• I have to make my obligatory mention of the music that sounds like A Whiter Shade of Pale at the beginning of Episode One. Great stuff.
  • I like how by this point the Doctor is becoming a right cranky bastard. It’s interesting to note that when other actors playing the Doctor had unlikeable traits (such as William Hartnell in An Unearthly Child or Colin Baker in almost all of his stories) fandom criticises it, yet here the Doctor is a rude and arrogant swine and it goes without mention.
  • One particular scene I want to praise is the one where the Doctor and the Brigadier are questioning Carrington’s ‘heavy’ after the protracted fight scene in Episode One. The way the Doctor makes the guy stand to attention by barking orders like an Army officer is brilliant. I want to try that on an ex military man to see if it’ll work, though the chances are I’d get punched in the face. Pity.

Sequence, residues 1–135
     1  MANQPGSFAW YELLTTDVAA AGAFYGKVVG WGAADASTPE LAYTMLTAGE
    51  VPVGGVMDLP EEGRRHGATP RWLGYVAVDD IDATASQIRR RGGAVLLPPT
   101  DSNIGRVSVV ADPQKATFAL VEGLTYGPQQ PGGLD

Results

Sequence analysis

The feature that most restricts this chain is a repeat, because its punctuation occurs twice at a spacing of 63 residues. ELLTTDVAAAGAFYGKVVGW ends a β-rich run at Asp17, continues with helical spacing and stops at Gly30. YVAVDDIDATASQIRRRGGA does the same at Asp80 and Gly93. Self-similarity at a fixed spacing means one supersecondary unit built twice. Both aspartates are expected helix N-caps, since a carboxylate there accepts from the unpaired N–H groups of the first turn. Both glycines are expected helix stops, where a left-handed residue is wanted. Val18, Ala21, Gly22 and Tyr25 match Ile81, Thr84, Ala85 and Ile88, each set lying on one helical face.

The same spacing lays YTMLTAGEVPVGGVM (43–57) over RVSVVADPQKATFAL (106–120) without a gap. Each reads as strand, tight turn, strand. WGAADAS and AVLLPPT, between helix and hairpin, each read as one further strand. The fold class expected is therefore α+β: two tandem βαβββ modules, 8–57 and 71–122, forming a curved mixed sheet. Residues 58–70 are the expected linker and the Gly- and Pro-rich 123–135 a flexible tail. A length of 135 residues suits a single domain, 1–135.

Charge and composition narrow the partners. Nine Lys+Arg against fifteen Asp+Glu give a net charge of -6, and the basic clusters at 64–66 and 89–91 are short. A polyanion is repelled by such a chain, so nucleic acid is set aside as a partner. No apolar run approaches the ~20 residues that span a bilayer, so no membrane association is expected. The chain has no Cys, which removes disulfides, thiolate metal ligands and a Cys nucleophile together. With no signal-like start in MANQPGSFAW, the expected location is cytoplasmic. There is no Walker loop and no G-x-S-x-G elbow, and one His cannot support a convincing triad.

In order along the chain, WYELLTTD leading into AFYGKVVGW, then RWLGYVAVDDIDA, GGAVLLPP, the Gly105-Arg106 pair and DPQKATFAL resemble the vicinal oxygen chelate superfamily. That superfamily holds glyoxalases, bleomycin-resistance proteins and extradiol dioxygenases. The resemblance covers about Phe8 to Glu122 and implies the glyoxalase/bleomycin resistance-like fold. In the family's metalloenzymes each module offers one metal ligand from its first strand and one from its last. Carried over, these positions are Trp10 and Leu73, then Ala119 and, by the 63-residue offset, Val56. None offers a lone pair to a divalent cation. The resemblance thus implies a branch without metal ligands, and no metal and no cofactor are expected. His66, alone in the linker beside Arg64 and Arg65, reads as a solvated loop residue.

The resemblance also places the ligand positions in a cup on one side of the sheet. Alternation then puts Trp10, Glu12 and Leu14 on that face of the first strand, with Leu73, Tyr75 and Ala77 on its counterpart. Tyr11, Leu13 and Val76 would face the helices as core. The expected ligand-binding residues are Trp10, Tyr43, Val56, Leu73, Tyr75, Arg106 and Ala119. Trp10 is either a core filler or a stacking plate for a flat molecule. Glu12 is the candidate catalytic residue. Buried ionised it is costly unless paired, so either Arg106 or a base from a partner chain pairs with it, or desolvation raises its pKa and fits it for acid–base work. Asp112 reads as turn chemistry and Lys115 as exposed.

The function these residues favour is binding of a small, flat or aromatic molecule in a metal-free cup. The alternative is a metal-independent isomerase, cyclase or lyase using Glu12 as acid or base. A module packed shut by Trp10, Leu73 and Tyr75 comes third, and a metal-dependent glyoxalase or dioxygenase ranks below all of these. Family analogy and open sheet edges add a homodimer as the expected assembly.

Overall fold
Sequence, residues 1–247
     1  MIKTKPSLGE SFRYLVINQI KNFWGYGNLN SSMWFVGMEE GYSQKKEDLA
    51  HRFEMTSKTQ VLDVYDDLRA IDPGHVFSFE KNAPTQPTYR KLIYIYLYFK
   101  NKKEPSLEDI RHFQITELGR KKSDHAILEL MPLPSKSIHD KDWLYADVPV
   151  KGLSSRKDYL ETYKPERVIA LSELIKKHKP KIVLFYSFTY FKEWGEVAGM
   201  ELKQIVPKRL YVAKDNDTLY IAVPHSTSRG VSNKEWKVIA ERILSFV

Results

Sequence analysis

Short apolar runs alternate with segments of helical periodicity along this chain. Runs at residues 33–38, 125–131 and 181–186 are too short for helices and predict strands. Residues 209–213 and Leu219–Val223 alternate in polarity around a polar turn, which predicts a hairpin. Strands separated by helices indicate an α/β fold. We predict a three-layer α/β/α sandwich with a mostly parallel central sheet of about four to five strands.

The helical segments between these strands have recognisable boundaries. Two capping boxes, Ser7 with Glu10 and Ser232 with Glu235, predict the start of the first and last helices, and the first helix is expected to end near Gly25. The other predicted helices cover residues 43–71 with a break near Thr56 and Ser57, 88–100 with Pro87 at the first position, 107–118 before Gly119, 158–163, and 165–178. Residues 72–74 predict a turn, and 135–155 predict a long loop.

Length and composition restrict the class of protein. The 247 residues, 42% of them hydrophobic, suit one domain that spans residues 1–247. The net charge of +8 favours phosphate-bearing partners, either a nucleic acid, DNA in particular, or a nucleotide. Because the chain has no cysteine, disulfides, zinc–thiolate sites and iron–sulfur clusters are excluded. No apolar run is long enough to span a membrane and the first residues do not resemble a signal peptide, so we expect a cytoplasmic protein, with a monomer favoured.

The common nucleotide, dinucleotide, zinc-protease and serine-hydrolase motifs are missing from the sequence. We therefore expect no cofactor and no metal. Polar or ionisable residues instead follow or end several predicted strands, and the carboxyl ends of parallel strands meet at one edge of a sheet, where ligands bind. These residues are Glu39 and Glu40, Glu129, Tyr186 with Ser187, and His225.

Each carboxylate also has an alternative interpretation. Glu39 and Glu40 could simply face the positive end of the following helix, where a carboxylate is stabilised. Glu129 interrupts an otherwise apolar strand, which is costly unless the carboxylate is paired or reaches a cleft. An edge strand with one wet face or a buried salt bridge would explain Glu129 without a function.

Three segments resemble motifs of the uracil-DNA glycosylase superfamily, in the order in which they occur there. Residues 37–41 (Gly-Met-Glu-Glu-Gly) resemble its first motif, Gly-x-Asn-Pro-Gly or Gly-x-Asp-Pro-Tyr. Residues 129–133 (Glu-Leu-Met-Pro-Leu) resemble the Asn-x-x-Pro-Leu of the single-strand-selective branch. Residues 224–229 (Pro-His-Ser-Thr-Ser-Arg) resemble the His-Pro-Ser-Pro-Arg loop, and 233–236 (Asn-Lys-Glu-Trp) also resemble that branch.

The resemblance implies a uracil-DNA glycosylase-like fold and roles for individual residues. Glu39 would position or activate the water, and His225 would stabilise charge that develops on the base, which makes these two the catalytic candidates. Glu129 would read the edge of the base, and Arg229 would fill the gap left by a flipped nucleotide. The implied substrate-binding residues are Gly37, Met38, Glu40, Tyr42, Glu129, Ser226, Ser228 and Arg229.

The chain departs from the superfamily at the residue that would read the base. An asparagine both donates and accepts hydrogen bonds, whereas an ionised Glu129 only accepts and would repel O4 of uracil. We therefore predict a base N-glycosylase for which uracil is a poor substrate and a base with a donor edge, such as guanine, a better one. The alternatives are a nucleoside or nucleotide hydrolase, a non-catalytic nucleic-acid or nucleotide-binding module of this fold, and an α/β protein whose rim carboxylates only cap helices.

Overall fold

• This story was obviously written at a time when a computer was still something exotic; something to be feared.
  • I know everyone mentions this when talking about things that don’t make sense in this story, but Taltalian’s bomb…how was it supposed to work? The bomb went off while the Doctor was standing less than a metre away and he came away with only a plaster on his face, yet it managed to kill Taltalian. Again, it comes down to convenience.
  • Another thing people often mention is that the BBC spent a lot of their budget for this story on the van that was able to change its own number plate. Well that was worth it…
  • Locked in a room with an isotope – what a way to go. And to heap further praise on Cyril Shaps, his ‘fear’ was totally believable.
  • It’s bad enough that one man pretending to be an engineer was able to infiltrate a high security, top-secret base and mess with the fuel supply of a rocket and then escape. It’s simply ridiculous that the same man was able to get back in a matter of hours later pretending to be a baker and sabotage the air supply. And so it once again comes back to convenience.